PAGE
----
Tropical forests have been one of Earth’s best defenses against rising carbon dioxide levels. The trees suck carbon from the atmosphere as they grow, and researchers estimate that, despite ongoing deforestation, tropical forests hold more carbon than humanity has emitted over the past 30 years by burning coal, oil, and natural gas. But scientists have worried that the ability of tropical forests to act as carbon sinks will diminish and ultimately reverse with continued global warming, as trees stressed by heat and drought die and release their carbon.
Today in Science, researchers report that measurements of carbon storage and growing conditions for some 500,000 trees around the world suggest some tropical forests, particularly in Africa and Asia, will—if left intact—continue to sequester large amounts of carbon even as global temperatures rise. But only up to a point. “There are certain levels where forests can’t respond,” says William Anderegg, a forest ecologist at the University of Utah. If warming reaches 2°C above preindustrial levels, the study finds huge swaths of the world’s tropical forests will begin to lose more carbon than they accumulate. Already, the hottest forests in South America have reached that point.
Trees, with their long lives and massive woody trunks, are particularly good at storing carbon. But just how much carbon tropical forests can capture as the planet warms depends on the balance between tree growth spurred by higher atmospheric carbon levels and tree stress and death caused by rising temperatures and increasing drought. “It comes down to a tug of war,” Anderegg says, “between the benefits of carbon dioxide and the potential impact of climate change.”
To see which side might ultimately win, a global team of more than 200 researchers measured more than half a million trees in 813 forests in 24 countries. The team, led by tropical ecologist Oliver Phillips of Leeds University and his postdoc Martin Sullivan, calculated how much carbon the different forests now store based on the height, diameter, and species of each tree. Researchers also looked at how carbon storage varied from place to place using data from 590 long-term monitoring plots.
To forecast how carbon accumulation might change in the future, the researchers assumed that the hottest forests, which are mostly in South America, are bellwethers of the future. By comparing carbon storage in forests across the range of climates, they could use space as a proxy for time. They analyzed how changes in temperature and precipitation might affect carbon storage, looking for those changes that best explained what they observed in the forests. (The analysis takes into account differences in the forests’ mix of tree species.)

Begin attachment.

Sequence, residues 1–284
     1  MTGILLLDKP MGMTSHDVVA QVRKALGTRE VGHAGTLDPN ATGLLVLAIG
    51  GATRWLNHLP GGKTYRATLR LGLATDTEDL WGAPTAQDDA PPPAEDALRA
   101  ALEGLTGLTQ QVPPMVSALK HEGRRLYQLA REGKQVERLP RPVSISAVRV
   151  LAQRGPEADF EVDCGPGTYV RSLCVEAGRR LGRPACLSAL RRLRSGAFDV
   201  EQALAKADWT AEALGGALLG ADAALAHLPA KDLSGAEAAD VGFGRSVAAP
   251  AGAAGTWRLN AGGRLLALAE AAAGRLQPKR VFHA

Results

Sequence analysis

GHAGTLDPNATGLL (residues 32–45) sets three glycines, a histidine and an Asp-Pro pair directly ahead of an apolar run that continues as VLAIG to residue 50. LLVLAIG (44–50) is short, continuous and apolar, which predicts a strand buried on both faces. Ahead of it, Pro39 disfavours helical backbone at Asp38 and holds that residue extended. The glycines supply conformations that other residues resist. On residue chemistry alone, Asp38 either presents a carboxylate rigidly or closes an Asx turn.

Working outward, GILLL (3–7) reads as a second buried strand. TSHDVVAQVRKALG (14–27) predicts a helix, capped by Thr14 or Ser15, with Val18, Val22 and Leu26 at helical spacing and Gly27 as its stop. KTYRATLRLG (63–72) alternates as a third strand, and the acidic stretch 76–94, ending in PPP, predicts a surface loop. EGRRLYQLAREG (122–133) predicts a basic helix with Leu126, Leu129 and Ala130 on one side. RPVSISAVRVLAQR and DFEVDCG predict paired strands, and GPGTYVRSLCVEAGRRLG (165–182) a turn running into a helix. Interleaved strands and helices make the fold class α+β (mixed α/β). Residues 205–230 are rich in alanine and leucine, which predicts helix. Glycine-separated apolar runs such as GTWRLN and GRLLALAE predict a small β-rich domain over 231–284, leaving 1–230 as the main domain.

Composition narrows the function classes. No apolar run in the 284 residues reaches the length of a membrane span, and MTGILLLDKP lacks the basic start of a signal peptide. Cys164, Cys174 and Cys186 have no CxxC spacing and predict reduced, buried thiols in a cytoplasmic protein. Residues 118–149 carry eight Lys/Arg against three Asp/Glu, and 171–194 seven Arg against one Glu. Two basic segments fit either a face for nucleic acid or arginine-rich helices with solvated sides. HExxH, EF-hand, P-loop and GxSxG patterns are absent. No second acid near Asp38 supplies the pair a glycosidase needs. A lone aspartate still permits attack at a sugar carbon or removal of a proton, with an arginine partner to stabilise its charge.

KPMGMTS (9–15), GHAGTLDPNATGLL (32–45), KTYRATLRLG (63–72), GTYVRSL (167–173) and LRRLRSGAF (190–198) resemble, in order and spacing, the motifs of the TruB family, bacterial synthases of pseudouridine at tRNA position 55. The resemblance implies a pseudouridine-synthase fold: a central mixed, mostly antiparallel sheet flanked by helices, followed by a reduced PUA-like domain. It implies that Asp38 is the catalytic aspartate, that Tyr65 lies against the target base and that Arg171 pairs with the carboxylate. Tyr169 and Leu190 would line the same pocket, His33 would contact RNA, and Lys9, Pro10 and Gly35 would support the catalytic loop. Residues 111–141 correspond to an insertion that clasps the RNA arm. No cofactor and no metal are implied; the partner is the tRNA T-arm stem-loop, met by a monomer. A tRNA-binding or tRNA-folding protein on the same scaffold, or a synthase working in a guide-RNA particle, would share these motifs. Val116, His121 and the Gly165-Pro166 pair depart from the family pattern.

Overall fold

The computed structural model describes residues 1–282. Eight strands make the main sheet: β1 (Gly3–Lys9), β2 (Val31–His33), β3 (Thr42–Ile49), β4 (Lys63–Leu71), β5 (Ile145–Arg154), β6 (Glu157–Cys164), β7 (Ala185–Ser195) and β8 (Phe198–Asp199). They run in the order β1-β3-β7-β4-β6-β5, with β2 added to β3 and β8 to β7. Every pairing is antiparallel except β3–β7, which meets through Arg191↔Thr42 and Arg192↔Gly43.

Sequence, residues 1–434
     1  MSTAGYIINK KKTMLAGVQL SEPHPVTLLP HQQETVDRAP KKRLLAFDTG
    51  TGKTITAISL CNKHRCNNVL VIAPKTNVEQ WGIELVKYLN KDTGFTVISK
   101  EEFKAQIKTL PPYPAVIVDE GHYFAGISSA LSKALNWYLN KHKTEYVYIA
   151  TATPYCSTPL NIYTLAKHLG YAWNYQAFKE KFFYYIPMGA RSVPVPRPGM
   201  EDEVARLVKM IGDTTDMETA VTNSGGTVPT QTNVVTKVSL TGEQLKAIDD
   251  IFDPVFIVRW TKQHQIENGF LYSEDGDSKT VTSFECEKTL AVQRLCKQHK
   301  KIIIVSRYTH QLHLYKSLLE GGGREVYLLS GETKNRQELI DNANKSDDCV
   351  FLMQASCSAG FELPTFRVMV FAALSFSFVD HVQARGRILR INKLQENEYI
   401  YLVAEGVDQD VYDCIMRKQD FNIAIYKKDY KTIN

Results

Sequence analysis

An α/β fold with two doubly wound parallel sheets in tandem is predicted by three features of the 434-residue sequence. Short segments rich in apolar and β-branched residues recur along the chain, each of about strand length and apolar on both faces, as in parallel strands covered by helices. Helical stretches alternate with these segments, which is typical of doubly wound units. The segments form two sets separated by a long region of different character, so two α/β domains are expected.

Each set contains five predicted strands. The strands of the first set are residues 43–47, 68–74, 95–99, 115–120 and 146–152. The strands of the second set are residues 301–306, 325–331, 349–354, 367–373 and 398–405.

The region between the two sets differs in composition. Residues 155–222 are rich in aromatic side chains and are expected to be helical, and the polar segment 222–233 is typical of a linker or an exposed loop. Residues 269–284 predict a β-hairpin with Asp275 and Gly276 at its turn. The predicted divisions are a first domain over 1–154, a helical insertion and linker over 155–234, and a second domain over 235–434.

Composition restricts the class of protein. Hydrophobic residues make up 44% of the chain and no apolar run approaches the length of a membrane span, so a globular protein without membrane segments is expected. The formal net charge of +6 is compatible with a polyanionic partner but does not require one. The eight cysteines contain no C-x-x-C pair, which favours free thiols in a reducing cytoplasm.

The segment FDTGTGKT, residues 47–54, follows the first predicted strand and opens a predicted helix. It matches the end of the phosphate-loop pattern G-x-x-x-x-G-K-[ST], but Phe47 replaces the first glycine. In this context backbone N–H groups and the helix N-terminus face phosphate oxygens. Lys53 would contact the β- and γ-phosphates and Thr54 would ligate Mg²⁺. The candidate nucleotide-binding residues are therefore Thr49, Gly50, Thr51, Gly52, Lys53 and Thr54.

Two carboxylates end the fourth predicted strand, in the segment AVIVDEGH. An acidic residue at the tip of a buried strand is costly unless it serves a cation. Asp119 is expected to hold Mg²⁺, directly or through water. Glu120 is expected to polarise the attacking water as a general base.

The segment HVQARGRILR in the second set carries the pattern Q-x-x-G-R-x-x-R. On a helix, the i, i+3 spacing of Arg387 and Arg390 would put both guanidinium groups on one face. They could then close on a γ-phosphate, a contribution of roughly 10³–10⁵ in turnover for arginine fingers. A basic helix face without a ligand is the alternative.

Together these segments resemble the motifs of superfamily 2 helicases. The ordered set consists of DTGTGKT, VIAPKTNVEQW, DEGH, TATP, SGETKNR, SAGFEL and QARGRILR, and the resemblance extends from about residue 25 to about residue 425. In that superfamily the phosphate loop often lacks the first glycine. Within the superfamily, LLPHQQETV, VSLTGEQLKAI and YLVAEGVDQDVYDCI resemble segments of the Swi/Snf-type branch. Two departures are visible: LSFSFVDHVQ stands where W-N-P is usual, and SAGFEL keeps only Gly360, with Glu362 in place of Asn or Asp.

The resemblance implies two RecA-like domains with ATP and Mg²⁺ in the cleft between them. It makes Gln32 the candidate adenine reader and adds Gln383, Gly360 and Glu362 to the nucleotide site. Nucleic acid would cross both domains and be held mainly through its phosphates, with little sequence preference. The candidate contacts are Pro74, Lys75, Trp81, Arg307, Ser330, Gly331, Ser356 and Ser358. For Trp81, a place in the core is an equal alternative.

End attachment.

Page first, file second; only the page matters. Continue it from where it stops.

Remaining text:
Previous studies had suggested the lowest temperature a forest experiences at night has the biggest impact on its long-term carbon storage capacity, perhaps because warm nights cause trees to boost respiration and release more carbon. But this study found that the maximum daytime temperature is most important, perhaps because on hot days trees slow their carbon dioxide intake to reduce water loss through pores in their leaves.
The study showed that, overall, the forests now take up more carbon than they lose. But it found that at a tipping point—when the average daily maximum temperature during the warmest month of the year rises to 32.2°C—long-term carbon storage capacity declines steeply and carbon loss increases. The decline is even greater in drier forests, notes Sullivan, now at Manchester Metropolitan University, likely because the lack of water makes trees more vulnerable to stress and death.
The team calculated that, worldwide, each 1°C increase in maximum temperature reduces carbon storage in tropical forests by 7 billion tons (roughly equivalent to total U.S. carbon emissions over 5 years), although much of that loss is currently offset by increased growth. If global temperatures rise 2°C above preindustrial levels, however, 71% of tropical forests will be pushed past the thermal tipping point, the researchers found. Carbon losses would be four times greater, with South America seeing the largest loss.
The “massive data compilation … allows us to draw conclusions with much higher confidence than individual studies would allow,” says Julia Pongratz, a climate scientist at Ludwig Maximillian University of Munich. But ecosystem ecologist Lara Kueppers of the University of California, Berkeley, worries the study might be too optimistic in forecasting that cooler forests, especially in Asia and Africa, will continue to accumulate large quantities of carbon as they warm. It’s not clear whether those forests will behave like their counterparts in South America, she notes, or that they can adapt to the speed of human-induced climate change. “I don’t have confidence that forests are going to be able to adjust on the time scale they will need to,” she says.
Other researchers see the findings as a wake-up call for action, noting the world has already warmed about 1°C above preindustrial levels. “Even though tropical forest sinks will weaken, conserving them is still better than not having them at all and turning them into carbon sources,” says Richard Betts, a climate modeler specializing in the global carbon cycle at the University of Exeter. “It is not too late,” he adds, “to avoid the most severe impacts.”
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